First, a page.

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Re: horizontal half wave (double ended) coil
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- Subject: Re: horizontal half wave (double ended) coil
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- Date: Sat, 26 Mar 2005 07:50:29 -0700
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Original poster: Paul Nicholson <paul@xxxxxxxxxxxxxxxxxxx>
Lee Kohlman wrote:
> I have modified my design...
> J A V A T C v.10 - CONSOLIDATED OUTPUT
> Wednesday, March 23, 2005 8:18:56 PM
This is looking better in terms of resonant frequencies and
coupling. You also have more breakdown tolerance and room
to manoeuvre with the primary tuning.
I think others will agree, this is a better design, and you've
obviously made good use of the list feedback.
Gerry made a point:
> ...the only difference between 1/4 and 1/2 wave operation would
> be that haft of the primary energy would find its way into the
> top load of one of the 1/4 wave coils. If this is correct, than
> it seems like the topload voltage predicted by JAVATC would be
> 41% too high.
Quite so. The JavaTC output assumes all the bang energy (the initial
stored energy in the primary cap) is eventually transferred to the
single topload. But in the bipolar, that energy is shared between
two identical coils (effectively), so all the secondary voltages and
currents are reduced from the single secondary predictions by around
a factor 1/sqrt(2).
The firing energy in this case is 6.2 Joules, and the equivalent
energy storage capacitance of each half-secondary is 55pF. Making
use of energy = 0.5 * C * V^2, we would get a peak top voltage of
sqrt( 6.2 / (0.5 * 55 * 10^-12)) = 470kV. But the energy storage
capacitance of the whole coil will be 110pF, giving 335kV at
each end, ie a difference of 670kV since the end voltages are
of opposite polarity at any instant. So the end-end voltage is
actually now sqrt(2) times higher than the prediction by JavaTC for
the full energy into a half-coil.
Will the system allow break out from the toroids, or will a breakout
point be necessary (maybe an advantage)? I don't know. In this
application it's the differential voltage which counts, and there
seems to be plenty of it.
Another difference between the real half-wave and two times a
modelled quarter wave lies in the coupling coefficient. The
coupling from the primary to a half secondary is k=0.136. If I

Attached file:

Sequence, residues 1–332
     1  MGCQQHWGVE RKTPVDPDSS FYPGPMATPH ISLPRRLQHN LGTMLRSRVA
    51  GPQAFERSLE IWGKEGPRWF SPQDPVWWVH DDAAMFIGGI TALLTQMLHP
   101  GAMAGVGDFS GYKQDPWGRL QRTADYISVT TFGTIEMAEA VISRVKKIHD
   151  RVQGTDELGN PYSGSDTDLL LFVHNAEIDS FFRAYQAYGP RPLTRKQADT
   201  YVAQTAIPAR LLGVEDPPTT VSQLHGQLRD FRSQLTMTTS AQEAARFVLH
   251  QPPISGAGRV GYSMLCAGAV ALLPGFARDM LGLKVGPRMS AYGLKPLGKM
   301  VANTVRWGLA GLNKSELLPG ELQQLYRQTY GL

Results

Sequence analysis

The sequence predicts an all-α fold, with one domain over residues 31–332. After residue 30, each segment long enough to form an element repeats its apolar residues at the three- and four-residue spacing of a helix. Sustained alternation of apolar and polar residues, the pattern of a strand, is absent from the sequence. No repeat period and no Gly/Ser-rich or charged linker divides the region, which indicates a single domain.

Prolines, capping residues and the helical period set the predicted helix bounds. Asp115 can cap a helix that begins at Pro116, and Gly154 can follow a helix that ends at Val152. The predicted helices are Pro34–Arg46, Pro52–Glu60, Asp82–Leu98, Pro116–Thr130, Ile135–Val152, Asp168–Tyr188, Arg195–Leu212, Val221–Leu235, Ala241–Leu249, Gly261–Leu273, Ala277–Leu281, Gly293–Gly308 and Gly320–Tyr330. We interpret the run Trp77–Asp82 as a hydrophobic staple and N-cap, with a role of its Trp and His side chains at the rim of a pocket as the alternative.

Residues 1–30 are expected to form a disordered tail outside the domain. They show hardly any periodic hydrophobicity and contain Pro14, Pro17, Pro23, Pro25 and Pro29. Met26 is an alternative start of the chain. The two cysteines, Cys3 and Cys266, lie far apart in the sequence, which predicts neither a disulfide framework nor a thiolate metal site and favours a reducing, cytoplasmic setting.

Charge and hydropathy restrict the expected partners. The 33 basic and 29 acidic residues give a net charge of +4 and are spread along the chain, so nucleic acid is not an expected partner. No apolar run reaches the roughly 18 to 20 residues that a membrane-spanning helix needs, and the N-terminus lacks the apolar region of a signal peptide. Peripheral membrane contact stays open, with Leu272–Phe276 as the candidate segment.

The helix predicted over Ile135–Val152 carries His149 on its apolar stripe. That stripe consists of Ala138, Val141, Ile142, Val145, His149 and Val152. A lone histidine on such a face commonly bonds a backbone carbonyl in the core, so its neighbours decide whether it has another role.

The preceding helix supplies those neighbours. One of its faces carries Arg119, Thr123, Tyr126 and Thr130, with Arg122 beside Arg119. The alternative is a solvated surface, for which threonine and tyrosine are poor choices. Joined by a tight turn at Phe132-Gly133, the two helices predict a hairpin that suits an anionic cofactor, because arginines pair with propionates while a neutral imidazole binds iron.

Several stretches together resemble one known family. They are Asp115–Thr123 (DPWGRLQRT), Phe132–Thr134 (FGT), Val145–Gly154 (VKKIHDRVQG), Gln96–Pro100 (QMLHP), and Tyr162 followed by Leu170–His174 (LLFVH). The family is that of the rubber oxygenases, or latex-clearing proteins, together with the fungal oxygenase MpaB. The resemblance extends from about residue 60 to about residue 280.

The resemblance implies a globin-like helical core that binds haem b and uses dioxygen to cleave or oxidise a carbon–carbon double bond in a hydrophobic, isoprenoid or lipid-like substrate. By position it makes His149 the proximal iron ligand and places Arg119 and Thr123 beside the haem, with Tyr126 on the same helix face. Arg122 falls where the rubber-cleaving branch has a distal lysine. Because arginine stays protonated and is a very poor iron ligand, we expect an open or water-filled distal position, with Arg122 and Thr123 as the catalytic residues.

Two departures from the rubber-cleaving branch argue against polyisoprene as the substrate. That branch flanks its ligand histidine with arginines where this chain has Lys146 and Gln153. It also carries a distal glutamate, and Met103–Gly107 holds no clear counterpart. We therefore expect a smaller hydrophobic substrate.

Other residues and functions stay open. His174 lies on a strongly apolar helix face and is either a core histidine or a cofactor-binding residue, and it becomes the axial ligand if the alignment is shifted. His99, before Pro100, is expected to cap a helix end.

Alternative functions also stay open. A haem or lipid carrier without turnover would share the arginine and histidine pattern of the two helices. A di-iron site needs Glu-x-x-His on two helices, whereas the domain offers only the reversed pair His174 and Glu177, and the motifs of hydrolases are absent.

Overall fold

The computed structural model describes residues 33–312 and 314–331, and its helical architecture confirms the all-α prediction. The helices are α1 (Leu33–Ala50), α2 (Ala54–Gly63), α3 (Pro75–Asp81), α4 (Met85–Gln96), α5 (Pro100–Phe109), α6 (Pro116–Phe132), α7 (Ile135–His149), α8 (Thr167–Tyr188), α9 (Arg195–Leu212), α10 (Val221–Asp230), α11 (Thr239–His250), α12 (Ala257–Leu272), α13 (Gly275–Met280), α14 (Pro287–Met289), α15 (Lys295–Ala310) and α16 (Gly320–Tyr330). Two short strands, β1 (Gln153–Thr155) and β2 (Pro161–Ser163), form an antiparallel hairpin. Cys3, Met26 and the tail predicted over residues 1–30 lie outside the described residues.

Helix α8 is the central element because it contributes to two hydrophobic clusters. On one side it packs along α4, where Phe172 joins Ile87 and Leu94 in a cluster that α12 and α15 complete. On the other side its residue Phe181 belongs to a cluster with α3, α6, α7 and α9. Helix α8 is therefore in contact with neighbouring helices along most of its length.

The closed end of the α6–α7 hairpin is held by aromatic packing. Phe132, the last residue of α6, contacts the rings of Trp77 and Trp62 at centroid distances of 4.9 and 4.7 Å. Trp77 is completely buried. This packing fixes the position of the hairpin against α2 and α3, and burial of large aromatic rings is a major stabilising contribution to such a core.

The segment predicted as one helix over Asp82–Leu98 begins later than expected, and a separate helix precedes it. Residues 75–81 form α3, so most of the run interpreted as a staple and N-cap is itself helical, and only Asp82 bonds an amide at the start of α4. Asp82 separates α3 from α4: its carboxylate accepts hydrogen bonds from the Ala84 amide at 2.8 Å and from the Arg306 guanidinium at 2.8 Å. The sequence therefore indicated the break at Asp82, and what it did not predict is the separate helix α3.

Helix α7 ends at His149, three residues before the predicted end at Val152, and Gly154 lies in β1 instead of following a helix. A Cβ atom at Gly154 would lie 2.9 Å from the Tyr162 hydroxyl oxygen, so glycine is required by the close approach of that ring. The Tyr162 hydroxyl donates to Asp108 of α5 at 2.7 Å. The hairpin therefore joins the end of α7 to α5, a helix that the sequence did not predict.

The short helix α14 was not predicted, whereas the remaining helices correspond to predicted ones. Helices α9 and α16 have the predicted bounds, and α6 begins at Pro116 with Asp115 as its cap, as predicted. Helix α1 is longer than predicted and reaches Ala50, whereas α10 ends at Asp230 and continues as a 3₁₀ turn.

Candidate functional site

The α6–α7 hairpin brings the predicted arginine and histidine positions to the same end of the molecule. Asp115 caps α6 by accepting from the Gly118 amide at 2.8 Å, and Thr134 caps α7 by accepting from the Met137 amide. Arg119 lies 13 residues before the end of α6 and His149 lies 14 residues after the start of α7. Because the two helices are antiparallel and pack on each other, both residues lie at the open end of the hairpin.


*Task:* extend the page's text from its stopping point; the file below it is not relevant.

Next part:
run the calculation for the full secondary (using acmi), the result
is k=0.187, and the total secondary inductance becomes 47.5mH,
which is 6% larger than two times the 22.26mH of each secondary,
due to mutual coupling between the two coils, so making the secondary
frequency 3% lower than 141kHz. This has already absorbed all the
percentage detuning of the proposed primary, so that may need some
To summarise some remaining weaknesses,
a) The coupling is perhaps still a little high? And there's
no opportunity to reduce it by moving the primary.
b) The primary may not tune low enough - there is no allowance
for secondary detuning due to spark loading and un-modelled
I wonder, is this bipolar primary tuning and coupling adjustment
problem a good candidate for 'off-axis' inductance in the primary
circuit? Putting another inductor into the primary circuit, one
which isn't coupled to the secondary, will reduce the primary
frequency, reduce the coupling, and offer greater tuning range.
Some explanation of the coupling issue...
We base our prediction of peak top volts on the assumption that
all the energy ends up in the secondary, but we know that when
streamers are formed, some of the energy must be dissipated, and
also the streamers themselves draw charge away from the topload.
These effects reduce E and increase C in the energy equation
E = 0.5 * C * V^2, and so the secondary voltage will, with good
breakout, be limited by that breakout, hopefully to a level at
which the only breakout is the wanted breakout!
The snag is, we think it takes quite a while for the streamers to
form, which they do in small, rapid steps, but with fairly long
pauses in between. We think it can take several RF cycles, or
even several bangs, to form enough breakout to begin to limit
(and effectively regulate) the output voltage. During this
time, the secondary may be exposed to voltages approaching the
full predicted values. It is desirable therefore to slow down
the primary to secondary energy transfer, to perhaps several
RF cycles instead of just 2 or 3, to allow time for long streamers
to develop sufficiently to restrain the voltages.
This is where low coupling coefficients become desirable. The
time taken for transfer of the bang energy into the secondary is
given by 1/(2 * F * (1/sqrt(1-k) - 1/sqrt(1+k)). This comes
out to 26uS for k=0.136, and 18uS for k=0.187. The energy transfer
time in the bipolar coil is reduced by 30% from the value predicted
for the single half-coil.
It is well known that too much coupling tends to cause breakout
in unwanted places, such as along the coil. The speculative
explanation above may be wrong or only part of the story, but the
adverse consequences of high k are well established by coilers, as
is the cure: reduce k. The non-split bipolar doesn't offer much
opportunity for k reduction without changing the primary dimensions,
so maybe some off-axis inductance is the answer.